Abebe Bikila winning gold in the marathon in Rome in 1960.
Abebe Bikila winning gold in the marathon in Rome in 1960.

He ran into the night along the Appian Way, torches held by Italian soldiers lighting the way, the only sound the onlookers would notice is the pidder padder of his barefeet on the road.

A complete unknown, Abebe Bikila of Ethiopia, won the marathon at the Rome Olympics in 1960. He was a member of the Imperial Bodyguard in Ethiopia, a country where people got around by running, commonly without shoes. When Bikila arrived in Rome, he tried on various pairs of shoes, but he could not find a pair that did not hurt and cause blisters.

Bikila and his fellow runner Abebe Wakjira decided to run barefoot. This was a decision that embarrassed them. They felt people were laughing at the poor Ethiopians who could not afford shoes, so they stayed hidden in their tent until the marathon began.

But Bikila’s triumph had a tremendous ripple effect over the decades. Not only was Bikila a victory for Ethiopia, he was a symbol of pride and achievement for all of Africa. Bikila became the role model so important to sparking the imagination of other would-be long-distance runners in impoverished Africa.

Wrote David Maraniss in his book Rome 1960, “as the first black African to win a gold medal, Abebe Bikila paved the way for what would become a long and illustrious line of East African distance runners. Many were from Ethiopia but even more hailed from Kenya, led by the brilliant Kipchoge Keino, who won the metric mile at Mexico City, outpacing the American Jim Ryun, and took home the steeplechase gold four years later in Munich.”

Here we are, decades later, at the recent IAAF Track and Field Championships in Beijing, it was Kenya that topped the medal tables, with Ethiopia in the fifth rank.

Maraniss cited a poem published in The Ethiopian Herald on the death of Bikila.

He made our flag to fly
Right above
Dead and gone Mussolini
Then and then
Abebe led, Mamo followed
Ethiopia led, Kenya followed

Here is the video of Bikila’s triumph in Rome.

Fred Lorz at 1904 Olympics preparing for the marathon.
Fred Lorz, center in dark jersey, at 1904 Olympics preparing for the marathon.

The third Olympic Games were held in St Louis, Missouri in the United States in 1904, after the first two modern Olympic Games were held in Athens in 1896, and then in Paris in 1900.

The early years of the Olympics were a struggle as organizers fought for mindshare. As was true in the Paris Games, the St Louis Olympic Games were second billing to the World’s Fair, which were highly popular expositions in the early to mid-20th century.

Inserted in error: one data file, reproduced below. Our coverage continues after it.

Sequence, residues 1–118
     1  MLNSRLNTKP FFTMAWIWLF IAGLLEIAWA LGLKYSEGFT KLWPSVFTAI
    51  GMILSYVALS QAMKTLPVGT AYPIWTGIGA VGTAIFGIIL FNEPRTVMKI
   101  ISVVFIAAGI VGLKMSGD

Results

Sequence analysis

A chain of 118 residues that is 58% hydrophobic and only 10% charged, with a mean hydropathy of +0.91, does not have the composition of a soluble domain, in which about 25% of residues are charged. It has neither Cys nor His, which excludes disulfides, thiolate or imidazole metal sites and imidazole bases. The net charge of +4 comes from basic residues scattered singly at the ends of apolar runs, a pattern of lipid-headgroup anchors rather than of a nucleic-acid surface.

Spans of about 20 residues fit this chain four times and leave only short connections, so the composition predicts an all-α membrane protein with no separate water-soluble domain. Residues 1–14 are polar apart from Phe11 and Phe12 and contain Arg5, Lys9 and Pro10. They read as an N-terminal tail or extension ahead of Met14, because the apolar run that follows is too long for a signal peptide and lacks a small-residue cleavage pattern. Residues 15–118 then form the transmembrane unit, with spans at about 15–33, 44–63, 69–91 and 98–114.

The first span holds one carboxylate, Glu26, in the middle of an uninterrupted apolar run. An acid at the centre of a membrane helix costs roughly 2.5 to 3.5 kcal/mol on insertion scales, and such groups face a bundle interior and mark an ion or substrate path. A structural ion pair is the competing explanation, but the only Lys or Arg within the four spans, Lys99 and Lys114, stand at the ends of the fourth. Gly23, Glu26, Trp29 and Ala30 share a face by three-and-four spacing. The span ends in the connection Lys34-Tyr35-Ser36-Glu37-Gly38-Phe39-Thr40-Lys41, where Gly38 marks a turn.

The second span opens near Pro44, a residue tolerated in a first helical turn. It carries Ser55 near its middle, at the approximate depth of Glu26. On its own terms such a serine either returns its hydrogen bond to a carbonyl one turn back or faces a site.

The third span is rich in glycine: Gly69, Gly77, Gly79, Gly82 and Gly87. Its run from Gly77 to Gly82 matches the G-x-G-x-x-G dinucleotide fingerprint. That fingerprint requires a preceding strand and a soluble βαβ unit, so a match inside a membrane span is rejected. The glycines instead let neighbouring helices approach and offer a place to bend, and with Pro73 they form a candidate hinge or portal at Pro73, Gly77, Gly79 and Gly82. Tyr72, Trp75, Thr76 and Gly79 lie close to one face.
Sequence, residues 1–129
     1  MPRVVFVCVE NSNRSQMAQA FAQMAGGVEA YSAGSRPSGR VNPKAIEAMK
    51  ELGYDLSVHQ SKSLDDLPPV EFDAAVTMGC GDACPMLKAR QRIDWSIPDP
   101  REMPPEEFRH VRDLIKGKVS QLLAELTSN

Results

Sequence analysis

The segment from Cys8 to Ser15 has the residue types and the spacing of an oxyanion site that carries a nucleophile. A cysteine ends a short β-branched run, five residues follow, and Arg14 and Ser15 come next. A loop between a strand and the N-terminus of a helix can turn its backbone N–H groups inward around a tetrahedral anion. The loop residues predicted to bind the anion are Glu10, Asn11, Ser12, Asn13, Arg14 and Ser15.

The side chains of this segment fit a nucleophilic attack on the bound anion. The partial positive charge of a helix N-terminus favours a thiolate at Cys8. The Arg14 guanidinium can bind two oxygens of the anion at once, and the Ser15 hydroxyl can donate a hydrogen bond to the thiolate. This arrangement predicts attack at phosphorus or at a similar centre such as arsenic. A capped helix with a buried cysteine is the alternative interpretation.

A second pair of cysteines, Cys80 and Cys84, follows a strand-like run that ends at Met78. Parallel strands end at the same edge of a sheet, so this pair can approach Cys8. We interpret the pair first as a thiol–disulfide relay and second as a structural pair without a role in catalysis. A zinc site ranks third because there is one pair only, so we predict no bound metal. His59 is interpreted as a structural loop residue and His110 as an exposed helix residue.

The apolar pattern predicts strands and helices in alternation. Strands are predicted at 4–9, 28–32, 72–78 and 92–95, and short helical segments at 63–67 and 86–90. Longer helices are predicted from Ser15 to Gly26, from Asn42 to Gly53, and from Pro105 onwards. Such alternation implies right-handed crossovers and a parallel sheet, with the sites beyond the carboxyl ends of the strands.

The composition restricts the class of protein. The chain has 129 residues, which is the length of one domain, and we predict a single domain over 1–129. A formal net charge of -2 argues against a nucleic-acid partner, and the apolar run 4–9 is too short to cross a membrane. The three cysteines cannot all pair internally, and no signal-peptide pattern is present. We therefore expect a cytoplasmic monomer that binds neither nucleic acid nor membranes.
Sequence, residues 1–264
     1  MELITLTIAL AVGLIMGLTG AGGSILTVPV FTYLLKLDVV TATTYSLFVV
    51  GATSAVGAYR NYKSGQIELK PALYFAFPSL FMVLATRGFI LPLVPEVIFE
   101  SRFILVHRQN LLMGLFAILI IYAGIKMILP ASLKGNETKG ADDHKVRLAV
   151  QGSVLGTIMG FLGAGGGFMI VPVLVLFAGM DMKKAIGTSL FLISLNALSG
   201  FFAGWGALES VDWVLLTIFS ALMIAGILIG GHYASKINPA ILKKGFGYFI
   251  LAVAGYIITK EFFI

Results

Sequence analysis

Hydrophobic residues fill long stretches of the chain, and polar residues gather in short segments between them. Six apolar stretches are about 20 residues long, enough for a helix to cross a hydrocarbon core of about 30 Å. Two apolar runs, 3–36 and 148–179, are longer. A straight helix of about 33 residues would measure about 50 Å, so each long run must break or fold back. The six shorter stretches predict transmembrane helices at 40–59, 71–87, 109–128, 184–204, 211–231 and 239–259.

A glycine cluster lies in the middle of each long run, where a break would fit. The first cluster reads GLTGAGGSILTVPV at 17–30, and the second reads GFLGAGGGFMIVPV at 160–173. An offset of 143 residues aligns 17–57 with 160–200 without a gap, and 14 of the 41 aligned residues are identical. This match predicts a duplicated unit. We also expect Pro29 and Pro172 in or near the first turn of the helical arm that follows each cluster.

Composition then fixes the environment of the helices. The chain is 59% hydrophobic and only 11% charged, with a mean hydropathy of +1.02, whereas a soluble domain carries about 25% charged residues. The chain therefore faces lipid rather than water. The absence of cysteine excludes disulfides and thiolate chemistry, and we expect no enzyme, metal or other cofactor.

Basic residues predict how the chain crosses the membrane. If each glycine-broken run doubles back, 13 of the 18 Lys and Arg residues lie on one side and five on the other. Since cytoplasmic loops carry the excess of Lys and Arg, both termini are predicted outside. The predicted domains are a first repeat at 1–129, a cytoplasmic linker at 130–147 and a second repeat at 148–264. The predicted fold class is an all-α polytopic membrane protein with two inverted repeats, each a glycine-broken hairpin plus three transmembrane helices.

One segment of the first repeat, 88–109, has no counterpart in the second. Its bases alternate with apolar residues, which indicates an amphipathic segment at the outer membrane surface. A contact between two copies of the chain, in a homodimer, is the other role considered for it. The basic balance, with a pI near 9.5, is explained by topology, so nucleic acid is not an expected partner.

According to the book, A Picture History of the Olympics, the organizers promised to arrange a ship to visit all major European ports to bring athletes to the first Games outside of Europe, but somehow the ship never crossed the Atlantic. Despite the Olympic rings representing the five continents, really only one had significant representation. Of the 650 athletes present, 580 were from America.

Swimmers had to swim in an assymetrical lake that made it hard for swimmers to stay in their lanes. The only item on the menu for the athletes was buffalo meat. And a new contraption called the car kicked up so much dust and spewed so much exhaust that marathoners had to cough their way through 42 kilometers.

The initial winner of the 1904 marathon was Fred Lorz, who stopped running after 16 kilometers, hopped on a vehicle for nine miles before it broke down, and then ran the rest of the way. He finished first easily, and was greeted by President Theodore Roosevelt.

Eventually, Lorz’s ruse was uncovered and he was banned for a year. Thomas Hicks, from Boston, was declared the winner. Lorz, a New Yorker, apologized for his “joke”, was allowed to compete before the year was up, and went on to win the 1905 Boston Marathon.

Rosie Ruiz
Rosie Ruiz

Which all reminds me of a New Yorker named Rosie Ruiz. She won the 1980 Boston Marathon in a record 2:31:56, about 25 minutes better than her previous race in the New York City Marathon six months earlier. How did she improve so greatly? She simply started the race about 800 meters from the finish, emerging from a crowd of spectators on Commonwealth Avenue.